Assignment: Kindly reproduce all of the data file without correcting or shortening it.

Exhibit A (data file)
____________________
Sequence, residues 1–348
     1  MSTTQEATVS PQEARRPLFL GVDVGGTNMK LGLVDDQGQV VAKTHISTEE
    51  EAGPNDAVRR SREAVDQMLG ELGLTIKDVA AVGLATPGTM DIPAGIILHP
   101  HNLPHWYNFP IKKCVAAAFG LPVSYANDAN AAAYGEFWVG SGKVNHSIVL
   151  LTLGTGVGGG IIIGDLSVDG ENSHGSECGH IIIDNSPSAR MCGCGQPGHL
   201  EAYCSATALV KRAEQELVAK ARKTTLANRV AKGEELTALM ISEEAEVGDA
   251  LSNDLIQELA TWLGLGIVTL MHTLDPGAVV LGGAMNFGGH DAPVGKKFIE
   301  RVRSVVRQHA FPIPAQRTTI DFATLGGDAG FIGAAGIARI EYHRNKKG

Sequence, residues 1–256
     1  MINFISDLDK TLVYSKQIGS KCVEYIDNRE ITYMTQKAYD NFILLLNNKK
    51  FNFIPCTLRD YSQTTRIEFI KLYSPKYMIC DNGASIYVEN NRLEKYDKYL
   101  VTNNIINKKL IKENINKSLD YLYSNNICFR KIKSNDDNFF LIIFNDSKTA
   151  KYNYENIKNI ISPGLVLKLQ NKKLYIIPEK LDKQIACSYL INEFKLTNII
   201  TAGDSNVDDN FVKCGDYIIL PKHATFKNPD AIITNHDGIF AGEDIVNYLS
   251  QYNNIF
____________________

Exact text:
Sequence, residues 1–348
     1  MSTTQEATVS PQEARRPLFL GVDVGGTNMK LGLVDDQGQV VAKTHISTEE
    51  EAGPNDAVRR SREAVDQMLG ELGLTIKDVA AVGLATPGTM DIPAGIILHP
   101  HNLPHWYNFP IKKCVAAAFG LPVSYANDAN AAAYGEFWVG SGKVNHSIVL
   151  LTLGTGVGGG IIIGDLSVDG ENSHGSECGH IIIDNSPSAR MCGCGQPGHL
   201  EAYCSATALV KRAEQELVAK ARKTTLANRV AKGEELTALM ISEEAEVGDA
   251  LSNDLIQELA TWLGLGIVTL MHTLDPGAVV LGGAMNFGGH DAPVGKKFIE
   301  RVRSVVRQHA FPIPAQRTTI DFATLGGDAG FIGAAGIARI EYHRNKKG

Sequence, residues 1–256
     1  MINFISDLDK TLVYSKQIGS KCVEYIDNRE ITYMTQKAYD NFILLLNNKK
    51  FNFIPCTLRD YSQTTRIEFI KLYSPKYMIC DNGASIYVEN NRLEKYDKYL
   101  VTNNIINKKL IKENINKSLD YLYSNNICFR KIKSNDDNFF LIIFNDSKTA
   151  KYNYENIKNI ISPGLVLKLQ NKKLYIIPEK LDKQIACSYL INEFKLTNII
   201  TAGDSNVDDN FVKCGDYIIL PKHATFKNPD AIITNHDGIF AGEDIVNYLS
   251  QYNNIF